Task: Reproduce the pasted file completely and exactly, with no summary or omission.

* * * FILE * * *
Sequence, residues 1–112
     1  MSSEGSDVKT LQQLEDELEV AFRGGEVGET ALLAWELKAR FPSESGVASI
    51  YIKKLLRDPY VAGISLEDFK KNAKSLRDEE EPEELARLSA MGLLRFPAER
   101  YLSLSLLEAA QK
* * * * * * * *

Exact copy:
Sequence, residues 1–112
     1  MSSEGSDVKT LQQLEDELEV AFRGGEVGET ALLAWELKAR FPSESGVASI
    51  YIKKLLRDPY VAGISLEDFK KNAKSLRDEE EPEELARLSA MGLLRFPAER
   101  YLSLSLLEAA QK